Two existing developments (the J. Michael Ruane Judicial Center-and RCG Corporation’s Washington at Derby building) and two proposals (the winning design to replace the existing District Courthouse and RCG’s proposed Mill Hill development further down Washington Street).
September 24th, 2015 at 11:57 am
I have an actual physical copy of the urban renewal plan from the 1960’s. Scary what they were planning, which would have made downtown Salem like Boston’s City Hall Plaza, a wasteland. Even what they did demolish (Ash St., Church St., St. Peter’s, etc.) has had a lasting negative impact. They word blight was thrown around like confetti at a party. Everything over 50 years old qualified, in their eyes, for removal.
September 24th, 2015 at 12:41 pm
I know; I’ve read it too–horrifying! At least they MOVED some of the houses on Church Street rather than just demolishing them.
September 26th, 2015 at 8:18 am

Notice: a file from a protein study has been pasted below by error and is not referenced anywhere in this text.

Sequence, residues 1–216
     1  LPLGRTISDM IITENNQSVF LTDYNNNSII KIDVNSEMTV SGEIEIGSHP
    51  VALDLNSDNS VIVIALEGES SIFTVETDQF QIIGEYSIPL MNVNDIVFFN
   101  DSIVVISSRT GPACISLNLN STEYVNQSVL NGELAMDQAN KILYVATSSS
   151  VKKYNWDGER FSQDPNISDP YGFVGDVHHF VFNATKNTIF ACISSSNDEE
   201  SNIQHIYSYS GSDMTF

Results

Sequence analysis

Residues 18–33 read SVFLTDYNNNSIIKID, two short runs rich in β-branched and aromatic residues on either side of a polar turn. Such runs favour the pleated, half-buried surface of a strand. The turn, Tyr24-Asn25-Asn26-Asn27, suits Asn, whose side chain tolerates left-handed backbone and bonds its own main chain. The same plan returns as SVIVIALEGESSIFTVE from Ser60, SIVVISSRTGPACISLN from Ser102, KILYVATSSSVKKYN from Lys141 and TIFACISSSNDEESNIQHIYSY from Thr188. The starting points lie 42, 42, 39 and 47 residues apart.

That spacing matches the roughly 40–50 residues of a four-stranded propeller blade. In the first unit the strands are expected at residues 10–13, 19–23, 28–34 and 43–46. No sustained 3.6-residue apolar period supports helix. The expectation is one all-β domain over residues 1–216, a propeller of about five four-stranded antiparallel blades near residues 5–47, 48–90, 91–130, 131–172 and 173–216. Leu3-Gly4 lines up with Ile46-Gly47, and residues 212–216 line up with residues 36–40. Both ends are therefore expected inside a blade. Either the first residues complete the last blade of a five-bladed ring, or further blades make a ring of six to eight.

They put it up on the screen at the symposium yesterday–very sweeping to say the least.
September 24th, 2015 at 12:07 pm
personally… atleast the new development plan for the courthouse is better than what is there now..rather a new replaceable building be built than that atrocity..yes they could work with more of the surrounding buildings like next door..
but I rather see that than an empty lot
September 24th, 2015 at 12:43 pm
For some reason that 1970s courthouse has never bothered me, but you’re right, there is not much love for it in Salem! I tried to find what Ada’s opinion on it, but could not. She does not seem to mind One Salem Green or even the parking garage…..
September 24th, 2015 at 3:37 pm
I really don’t know what “they” were thinking with the whole urban renewal effort of the 1960s and ’70s. I’ve lived in or visited cities across the Eastern US, in particular, where urban renewal took place and what happened is that in so many places the historical centers were gutted.